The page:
Recently, Andrea and I were invited to lead a 2-day workshop for members of the Boys and Girls Clubs network that are considering or beginning capital campaigns. We met some incredible people, including leaders of Clubs from around the country, as well as Boys and Girls Clubs development staff members and consultants.
We thought tapping into their knowledge and sharing it with our community would be valuable for all organizations entering into or considering a capital campaign.
Here are five tips shared by members of the Boys and Girls Clubs’ Directors of Resource Development, Club Consulting. Special thanks to Danielle Hegedus, Lisa Hunter, Christine Destry, and Amy Sexton for sharing their wisdom and expertise.
1. Plan, Plan, Plan and Plan Some More
“A successful campaign requires planning— serious planning. And that plan needs to be followed through!” Lisa Hunter says, “The most successful campaigns have a plan and strategy outlined that includes timelines, range of gift charts, segmented donor data research, and plans to identify and cultivate donors prior to the ‘ask’.”
Further, Hunter advises that, “Feasibility studies, research, systems, and policies must all be in place before an organization enters into a campaign.” And here’s her warning:
“Organizations that jump into a campaign without a solid structure in place and without a good study that helps to identify realistic outcomes will almost never achieve the end goal.”
Christine Destry adds, “Internal preparation is a key part of planning as well. So in addition to planning, the infrastructure and mindset needed to build and sustain the fundraising momentum for a campaign must be solidified”.
Yes! We couldn’t agree more! The Capital Campaign Pro walks you through the steps you need to create a campaign plan in an easy to follow format. There’s no need to guess at what should be included in your campaign plan or the planning process.
2. Make Sure Board Members Have Personal Stories of Emotional Connection
“Beyond a deep understanding of the community, board members need to have a personal and emotional connection to the mission. While they may have a general understanding of the Club programming, there is often a disconnect.” Destry explains:
“Board members are best prepared when they have stories that connect them emotionally to the Club. This enables them to share why they are on the board in the first place.”
This is true for all nonprofits. You want board members talking about your cause and organization, and it’s always easier for them when it relates to a personal story. Help your board members find and learn to articulate their stories by asking them why they care and why they serve (your organization).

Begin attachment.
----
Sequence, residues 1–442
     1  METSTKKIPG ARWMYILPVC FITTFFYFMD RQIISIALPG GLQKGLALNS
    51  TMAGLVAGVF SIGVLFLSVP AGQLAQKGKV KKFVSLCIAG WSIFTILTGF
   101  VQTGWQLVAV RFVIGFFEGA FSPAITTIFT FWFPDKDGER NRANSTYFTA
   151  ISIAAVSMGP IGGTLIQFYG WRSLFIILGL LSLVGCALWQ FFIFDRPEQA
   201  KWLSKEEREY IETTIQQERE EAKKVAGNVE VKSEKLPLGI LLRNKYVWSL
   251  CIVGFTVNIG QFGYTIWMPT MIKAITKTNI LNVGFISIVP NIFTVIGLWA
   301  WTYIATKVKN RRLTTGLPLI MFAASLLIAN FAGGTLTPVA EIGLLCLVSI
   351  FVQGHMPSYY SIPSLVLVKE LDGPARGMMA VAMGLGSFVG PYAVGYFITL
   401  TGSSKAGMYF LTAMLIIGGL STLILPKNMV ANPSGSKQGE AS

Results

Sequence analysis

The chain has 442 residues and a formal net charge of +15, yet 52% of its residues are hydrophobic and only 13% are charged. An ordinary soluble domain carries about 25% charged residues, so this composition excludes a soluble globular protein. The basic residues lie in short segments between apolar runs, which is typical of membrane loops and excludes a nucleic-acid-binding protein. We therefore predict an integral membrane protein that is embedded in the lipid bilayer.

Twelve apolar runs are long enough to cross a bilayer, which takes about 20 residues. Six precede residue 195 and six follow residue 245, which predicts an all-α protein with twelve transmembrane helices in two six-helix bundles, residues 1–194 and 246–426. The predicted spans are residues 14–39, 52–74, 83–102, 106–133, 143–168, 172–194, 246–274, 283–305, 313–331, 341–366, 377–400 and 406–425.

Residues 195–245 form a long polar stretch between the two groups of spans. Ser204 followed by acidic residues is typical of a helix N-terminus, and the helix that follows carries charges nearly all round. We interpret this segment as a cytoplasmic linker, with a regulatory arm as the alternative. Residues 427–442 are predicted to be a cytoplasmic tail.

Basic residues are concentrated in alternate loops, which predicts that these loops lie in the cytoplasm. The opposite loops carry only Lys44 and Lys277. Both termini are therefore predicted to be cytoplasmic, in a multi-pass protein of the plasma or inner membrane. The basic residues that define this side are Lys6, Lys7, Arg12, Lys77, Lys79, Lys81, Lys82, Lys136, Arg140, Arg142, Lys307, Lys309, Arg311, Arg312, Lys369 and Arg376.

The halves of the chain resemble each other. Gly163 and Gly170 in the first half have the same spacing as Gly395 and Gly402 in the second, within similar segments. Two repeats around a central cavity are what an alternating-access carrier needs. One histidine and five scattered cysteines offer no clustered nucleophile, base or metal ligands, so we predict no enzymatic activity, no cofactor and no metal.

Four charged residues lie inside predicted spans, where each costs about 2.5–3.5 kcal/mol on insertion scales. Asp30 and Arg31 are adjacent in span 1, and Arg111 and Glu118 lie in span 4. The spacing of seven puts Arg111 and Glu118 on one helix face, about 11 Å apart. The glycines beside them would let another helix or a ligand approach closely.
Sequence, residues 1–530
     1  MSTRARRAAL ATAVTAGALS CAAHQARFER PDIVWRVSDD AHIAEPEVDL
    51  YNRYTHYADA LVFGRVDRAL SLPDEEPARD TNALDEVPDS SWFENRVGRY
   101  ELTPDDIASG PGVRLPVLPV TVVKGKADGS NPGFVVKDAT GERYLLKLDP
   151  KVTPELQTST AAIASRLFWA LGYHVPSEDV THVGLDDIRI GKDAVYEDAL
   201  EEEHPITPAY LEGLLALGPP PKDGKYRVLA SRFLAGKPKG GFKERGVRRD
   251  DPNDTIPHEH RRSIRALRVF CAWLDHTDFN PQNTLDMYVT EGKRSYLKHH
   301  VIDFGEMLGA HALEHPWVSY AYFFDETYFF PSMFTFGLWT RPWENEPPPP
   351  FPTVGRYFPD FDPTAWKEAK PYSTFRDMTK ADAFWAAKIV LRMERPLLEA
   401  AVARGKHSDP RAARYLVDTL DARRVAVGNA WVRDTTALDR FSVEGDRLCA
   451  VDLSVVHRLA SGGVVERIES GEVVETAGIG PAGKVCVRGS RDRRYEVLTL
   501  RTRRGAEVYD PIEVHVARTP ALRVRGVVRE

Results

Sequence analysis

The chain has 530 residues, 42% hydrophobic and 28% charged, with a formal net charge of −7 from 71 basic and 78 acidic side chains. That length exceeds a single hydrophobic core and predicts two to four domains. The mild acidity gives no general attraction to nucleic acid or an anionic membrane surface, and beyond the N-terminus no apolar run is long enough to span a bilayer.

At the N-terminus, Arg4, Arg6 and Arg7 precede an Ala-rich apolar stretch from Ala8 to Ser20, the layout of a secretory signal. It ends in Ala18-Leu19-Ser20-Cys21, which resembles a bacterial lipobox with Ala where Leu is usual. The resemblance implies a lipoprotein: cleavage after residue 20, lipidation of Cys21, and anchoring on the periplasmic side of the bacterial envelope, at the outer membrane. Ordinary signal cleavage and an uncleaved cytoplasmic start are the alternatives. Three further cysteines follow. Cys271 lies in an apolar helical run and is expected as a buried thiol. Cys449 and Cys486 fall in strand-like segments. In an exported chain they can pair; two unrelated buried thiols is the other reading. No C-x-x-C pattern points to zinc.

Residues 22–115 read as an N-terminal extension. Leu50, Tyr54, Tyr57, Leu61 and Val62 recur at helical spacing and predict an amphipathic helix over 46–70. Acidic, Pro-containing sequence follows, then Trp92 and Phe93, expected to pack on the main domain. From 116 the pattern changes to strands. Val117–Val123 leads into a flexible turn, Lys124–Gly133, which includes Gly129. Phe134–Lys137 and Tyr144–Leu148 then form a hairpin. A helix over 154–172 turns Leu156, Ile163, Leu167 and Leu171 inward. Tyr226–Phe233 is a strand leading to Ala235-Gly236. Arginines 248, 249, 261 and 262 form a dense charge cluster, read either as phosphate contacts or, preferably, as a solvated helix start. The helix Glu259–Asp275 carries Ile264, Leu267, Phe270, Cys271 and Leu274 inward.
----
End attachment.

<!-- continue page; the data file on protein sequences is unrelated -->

3. Don’t Forget About the Rest of Your Fundraising Efforts
Capital campaign planning and execution can be all consuming, but Amy Sexton warns to not forget about the rest of your fundraising efforts, which she considers a “recipe for disaster.” Her advice?
“Ensure you have an airtight, multi-year RD (resource development) plan in place, as well as staffing that supports all functions outside of the campaign (or inside if you’re considering a full comprehensive campaign).”
In order to ensure your annual fund doesn’t take a dip during your campaign, be sure to ask all campaign donors to give a gift, over and above, their normal annual gift. That will keep your annual fund front and center during your campaign.
4. Ensure Staff Member and Volunteers Have Clear Expectations
Amy Sexton says:
“Organizations must ensure all staff, board members and volunteers have a firm understanding of expectations before entering into a study or campaign talks. For example, who will be leading the campaign, and will the board members be required to be on the campaign committee?”
Many questions need to be addressed.
We agree! Campaigns can be confusing and overwhelming. Ensuring everyone is on the same page as to what is expected of them will help you lead your campaign to fruition.
5. Tap into Your Network
There is a huge well of information and support out there that organizations can tap into.
Amy Sexton suggests:
“Talk to your colleagues! Find out who has run a campaign recently near your budget size? What were their wins and what were their areas of missed opportunity?”
Questions like these offer valuable insight. She reminds us that a capital campaign is a fantastic time to network. It’s short sighted to miss out on the opportunity to connect with your peers.
Taking it a step further, Danielle Hegedus adds:
“Don’t be afraid to invite ‘big fish’ to participate. You never know where soliciting advice could lead.”
Go even further and invite volunteers with campaign experience in your community to come in and speak with your board. Set up a panel of three board members (from other organizations) which have recently completed successful campaigns. Plant questions with your board members in advance to get the conversation started.
These 5 Capital Campaign Tips Apply to Organizations of Every Level
Although it might seem strange to compare your organization with a big, national nonprofit, each Club operates independently. Some are urban and others are rural. Some are large and other clubs are small. These tips apply to organizations with tons of fundraising experience and those just getting started.
We thank the Boys and Girls Clubs for sharing these tips.
Which tip speaks to you? Share your thoughts in the comments below.